From Jacob Sullum, Reason Magazine, “Undisclosed Interests: Legislators fight corruption by silencing their critics“:
In a 1996 law review article, Supreme Court nominee Elena Kagan warned that campaign finance laws “easily can serve as incumbent-protection devices, insulating current officeholders from challenge and criticism.” The DISCLOSE Act, a speech-squelching bill supported by the man who nominated Kagan, is a good example.
President Obama and congressional Democrats say the DISCLOSE Act, which is expected to come up for a vote soon, is aimed at ensuring transparency and preventing corruption in the wake of Citizens United v. FEC, the January decision in which the Supreme Court lifted restrictions on political speech by corporations and unions. But the bill’s onerous, lopsided requirements suggest its supporters are more interested in silencing their critics.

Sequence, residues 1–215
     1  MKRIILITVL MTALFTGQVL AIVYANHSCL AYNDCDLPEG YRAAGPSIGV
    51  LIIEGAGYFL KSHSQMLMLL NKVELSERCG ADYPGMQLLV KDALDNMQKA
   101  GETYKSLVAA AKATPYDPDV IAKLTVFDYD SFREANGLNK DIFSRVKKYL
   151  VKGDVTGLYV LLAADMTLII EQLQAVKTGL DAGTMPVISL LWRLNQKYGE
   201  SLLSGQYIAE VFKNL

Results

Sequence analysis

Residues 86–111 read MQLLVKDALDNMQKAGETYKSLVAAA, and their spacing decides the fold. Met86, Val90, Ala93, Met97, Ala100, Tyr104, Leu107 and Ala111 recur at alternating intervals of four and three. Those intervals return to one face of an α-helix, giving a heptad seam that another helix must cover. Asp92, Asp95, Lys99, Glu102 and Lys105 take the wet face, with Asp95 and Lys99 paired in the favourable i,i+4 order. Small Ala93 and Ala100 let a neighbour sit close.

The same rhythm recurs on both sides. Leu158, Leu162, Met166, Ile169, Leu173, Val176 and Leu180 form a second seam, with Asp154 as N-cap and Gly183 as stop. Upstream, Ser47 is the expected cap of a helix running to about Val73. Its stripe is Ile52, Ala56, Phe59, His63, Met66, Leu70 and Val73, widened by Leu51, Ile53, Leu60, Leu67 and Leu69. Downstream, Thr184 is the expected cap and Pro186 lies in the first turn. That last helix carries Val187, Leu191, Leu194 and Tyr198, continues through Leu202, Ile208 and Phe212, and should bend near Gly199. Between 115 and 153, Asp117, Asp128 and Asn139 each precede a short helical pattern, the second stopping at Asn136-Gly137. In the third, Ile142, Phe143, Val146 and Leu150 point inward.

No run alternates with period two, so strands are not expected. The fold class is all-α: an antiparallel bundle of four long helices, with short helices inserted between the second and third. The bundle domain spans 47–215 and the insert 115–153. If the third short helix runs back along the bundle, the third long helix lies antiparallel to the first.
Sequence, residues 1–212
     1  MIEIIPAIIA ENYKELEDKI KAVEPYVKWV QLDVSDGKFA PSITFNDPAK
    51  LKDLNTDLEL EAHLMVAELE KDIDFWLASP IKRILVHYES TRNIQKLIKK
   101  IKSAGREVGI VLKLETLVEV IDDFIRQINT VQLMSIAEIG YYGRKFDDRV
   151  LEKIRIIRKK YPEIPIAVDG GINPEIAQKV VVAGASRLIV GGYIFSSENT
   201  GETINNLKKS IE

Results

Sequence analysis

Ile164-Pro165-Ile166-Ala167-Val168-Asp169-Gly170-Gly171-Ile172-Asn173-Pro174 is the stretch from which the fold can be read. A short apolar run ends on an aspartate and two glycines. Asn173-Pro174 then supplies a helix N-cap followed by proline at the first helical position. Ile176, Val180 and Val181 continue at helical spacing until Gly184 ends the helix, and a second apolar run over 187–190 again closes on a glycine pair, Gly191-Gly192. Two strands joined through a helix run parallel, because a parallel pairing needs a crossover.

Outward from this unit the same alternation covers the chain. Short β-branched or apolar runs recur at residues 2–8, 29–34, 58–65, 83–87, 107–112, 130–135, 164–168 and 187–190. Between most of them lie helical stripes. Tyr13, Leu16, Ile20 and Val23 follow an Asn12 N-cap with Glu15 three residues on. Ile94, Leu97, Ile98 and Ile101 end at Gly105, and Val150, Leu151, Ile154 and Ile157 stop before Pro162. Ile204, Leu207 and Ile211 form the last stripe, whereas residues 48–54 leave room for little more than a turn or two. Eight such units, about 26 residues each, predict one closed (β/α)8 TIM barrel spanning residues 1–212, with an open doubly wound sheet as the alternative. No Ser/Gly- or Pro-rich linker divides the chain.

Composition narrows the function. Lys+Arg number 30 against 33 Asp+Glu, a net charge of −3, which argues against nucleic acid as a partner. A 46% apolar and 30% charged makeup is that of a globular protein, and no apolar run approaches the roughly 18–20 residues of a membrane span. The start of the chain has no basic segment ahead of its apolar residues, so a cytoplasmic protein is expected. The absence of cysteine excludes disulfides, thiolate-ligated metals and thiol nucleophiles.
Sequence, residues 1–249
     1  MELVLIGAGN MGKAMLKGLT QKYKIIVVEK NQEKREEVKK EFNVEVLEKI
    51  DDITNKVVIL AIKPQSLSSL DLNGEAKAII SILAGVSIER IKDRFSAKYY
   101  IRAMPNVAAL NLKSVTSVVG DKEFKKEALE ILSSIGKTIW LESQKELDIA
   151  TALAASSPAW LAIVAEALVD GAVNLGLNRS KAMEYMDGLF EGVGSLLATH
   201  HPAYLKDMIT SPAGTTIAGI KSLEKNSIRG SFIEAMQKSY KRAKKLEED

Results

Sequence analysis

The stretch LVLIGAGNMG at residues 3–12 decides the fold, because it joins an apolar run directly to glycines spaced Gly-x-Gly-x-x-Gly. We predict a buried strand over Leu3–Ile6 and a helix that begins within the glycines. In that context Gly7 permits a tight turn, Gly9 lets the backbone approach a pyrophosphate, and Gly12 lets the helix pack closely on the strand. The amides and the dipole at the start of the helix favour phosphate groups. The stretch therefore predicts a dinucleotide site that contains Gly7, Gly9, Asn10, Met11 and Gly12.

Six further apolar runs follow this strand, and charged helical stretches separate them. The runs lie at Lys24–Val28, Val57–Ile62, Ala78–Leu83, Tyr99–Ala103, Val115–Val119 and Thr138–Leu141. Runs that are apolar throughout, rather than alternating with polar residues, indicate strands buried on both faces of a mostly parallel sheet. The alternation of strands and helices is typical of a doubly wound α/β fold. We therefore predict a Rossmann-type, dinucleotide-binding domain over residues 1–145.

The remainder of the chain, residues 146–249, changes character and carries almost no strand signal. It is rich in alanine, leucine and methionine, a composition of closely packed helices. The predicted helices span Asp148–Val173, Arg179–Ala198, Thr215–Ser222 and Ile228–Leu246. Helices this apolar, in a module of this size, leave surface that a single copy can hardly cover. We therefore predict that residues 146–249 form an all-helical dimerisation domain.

David A. Patten, Newsmax, “Obama, Democrats Push Controversial ‘Disclose’ Campaign Finance Rule”
The Hill, “Critics cheer missed deadline on campaign finance legislation”
Rick Manning, Americans for Limited Government, “Union power grabs in their own words”
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